First, note if there are any other diagnostic fault codes. If any of them are bus communication related or battery / ignition related, diagnose them first. Misdiagnosis has been known to occur if you diagnose the U0175 code before any of the basic codes have been thoroughly diagnosed and dismissed.

If your scan tool can access fault codes and the only one you get from other modules is the U0175, try to access to the restraints system sensor f (RSS-F). If you can access codes from the RSS-F, then the U0175 code is either intermittent or a memory code. If unable to access the RSS-F, then the U0175 code that the other modules are setting is active, and the problem is there now.

The most common failure is a circuit fault which causes the loss of power or ground to the restraints system sensor f.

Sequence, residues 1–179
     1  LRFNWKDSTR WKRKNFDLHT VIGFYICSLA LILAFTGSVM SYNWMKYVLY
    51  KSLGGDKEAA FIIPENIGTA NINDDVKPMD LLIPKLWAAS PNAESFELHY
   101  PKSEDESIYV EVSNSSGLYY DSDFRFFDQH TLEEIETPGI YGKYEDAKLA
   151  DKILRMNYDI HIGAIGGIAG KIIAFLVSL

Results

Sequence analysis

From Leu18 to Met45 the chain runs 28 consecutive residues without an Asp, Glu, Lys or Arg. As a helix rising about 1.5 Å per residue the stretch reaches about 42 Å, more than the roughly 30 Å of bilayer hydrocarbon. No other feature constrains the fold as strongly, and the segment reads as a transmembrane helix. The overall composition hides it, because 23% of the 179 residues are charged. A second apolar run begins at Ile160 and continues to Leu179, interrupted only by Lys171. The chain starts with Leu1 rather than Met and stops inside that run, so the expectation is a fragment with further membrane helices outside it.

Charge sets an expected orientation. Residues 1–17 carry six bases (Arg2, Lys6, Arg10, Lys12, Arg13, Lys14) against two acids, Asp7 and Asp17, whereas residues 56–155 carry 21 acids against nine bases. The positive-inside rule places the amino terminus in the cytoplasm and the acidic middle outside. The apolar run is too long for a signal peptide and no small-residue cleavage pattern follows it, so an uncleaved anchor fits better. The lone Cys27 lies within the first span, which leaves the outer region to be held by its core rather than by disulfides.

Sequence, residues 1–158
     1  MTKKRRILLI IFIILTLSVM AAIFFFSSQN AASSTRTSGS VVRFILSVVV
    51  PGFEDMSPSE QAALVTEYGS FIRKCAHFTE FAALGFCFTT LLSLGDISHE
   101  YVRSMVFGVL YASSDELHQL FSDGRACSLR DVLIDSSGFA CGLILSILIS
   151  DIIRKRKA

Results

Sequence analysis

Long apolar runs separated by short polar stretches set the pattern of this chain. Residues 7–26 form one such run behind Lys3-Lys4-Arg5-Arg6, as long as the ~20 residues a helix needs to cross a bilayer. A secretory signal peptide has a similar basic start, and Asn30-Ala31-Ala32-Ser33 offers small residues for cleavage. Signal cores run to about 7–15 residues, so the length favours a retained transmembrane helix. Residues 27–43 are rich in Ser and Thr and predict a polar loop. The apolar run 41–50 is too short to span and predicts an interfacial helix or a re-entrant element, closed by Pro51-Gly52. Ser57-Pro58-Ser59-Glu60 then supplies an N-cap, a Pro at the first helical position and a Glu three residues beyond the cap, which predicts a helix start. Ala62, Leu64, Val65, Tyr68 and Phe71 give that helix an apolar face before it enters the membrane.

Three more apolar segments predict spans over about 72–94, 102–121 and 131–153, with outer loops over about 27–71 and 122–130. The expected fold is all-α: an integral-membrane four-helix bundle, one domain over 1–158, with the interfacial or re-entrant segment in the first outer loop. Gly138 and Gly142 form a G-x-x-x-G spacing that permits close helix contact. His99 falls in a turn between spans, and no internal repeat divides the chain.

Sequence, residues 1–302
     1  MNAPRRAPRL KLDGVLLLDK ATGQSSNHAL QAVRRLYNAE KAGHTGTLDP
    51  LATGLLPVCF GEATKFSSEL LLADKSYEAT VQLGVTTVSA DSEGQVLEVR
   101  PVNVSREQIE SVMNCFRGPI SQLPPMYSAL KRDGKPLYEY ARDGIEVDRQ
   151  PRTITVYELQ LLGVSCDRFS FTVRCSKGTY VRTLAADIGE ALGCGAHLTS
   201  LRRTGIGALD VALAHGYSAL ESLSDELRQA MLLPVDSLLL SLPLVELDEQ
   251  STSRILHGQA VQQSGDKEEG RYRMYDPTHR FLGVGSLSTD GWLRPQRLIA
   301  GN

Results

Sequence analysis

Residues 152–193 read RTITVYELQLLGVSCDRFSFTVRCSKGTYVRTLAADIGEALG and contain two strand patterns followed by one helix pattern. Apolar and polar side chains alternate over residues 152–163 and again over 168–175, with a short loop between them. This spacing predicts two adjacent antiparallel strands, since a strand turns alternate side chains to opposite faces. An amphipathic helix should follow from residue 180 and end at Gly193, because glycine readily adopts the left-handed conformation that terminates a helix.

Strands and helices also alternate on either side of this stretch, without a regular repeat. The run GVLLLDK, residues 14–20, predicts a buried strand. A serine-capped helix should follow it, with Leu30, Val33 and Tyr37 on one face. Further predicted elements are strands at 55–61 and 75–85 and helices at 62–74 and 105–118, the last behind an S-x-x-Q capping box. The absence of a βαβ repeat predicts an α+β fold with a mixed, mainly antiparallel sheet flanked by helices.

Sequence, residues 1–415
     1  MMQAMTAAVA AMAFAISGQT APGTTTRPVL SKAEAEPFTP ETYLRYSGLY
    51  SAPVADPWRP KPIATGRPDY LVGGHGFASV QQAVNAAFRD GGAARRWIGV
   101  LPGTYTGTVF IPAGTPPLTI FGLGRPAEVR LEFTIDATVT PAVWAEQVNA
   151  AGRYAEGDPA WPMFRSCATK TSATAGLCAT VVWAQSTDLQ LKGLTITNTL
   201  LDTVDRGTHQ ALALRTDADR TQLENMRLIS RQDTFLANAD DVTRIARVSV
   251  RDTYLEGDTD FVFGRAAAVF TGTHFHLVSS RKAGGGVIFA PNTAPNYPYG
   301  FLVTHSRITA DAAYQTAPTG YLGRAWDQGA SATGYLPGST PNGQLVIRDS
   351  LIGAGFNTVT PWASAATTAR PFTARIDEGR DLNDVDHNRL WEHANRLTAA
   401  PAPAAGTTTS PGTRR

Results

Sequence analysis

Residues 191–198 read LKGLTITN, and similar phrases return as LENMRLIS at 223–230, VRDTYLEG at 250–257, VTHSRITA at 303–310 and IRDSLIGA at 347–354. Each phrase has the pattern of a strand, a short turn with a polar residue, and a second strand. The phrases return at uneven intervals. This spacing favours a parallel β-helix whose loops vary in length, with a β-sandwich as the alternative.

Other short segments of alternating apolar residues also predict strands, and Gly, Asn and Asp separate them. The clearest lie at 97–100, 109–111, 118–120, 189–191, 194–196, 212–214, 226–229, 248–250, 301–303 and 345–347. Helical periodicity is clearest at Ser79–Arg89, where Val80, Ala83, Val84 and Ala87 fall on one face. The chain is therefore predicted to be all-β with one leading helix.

Check all fuses that power up the RSS-F module on this vehicle. Check all grounds for the RSS-F. Locate where the ground attaching points are on the vehicle and make sure that these connections are clean and tight. If you have to, take them off, get a small wire bristle brush and baking soda/water solution and clean each one, both the connector and where it connects.

If any repairs were made, clear the diagnostic trouble codes from memory, and see if the U0175 code returns or if you are able to communicate with the RSS-F module. If the code does not return or communication is re-established, then the fuses/connections were most likely your problem.


If the code returns, locate the CAN bus communication connections on your vehicle, most importantly the RSS-F connector, which is usually located behind the dash. Disconnect the negative battery cable before unplugging the connector at the RSS-F module. Once located, visually inspect the connectors and wiring. Look for scraping, rubbing, bare wires, burn spots or melted plastic.

Pull the connectors apart and carefully inspect the terminals (the metal parts) inside the connectors. See if they look burned or have a green tint indicating corrosion. Use electrical contact cleaner and a plastic bristle brush if cleaning of the terminals is needed. Let dry and apply electrical grease where the terminals contact.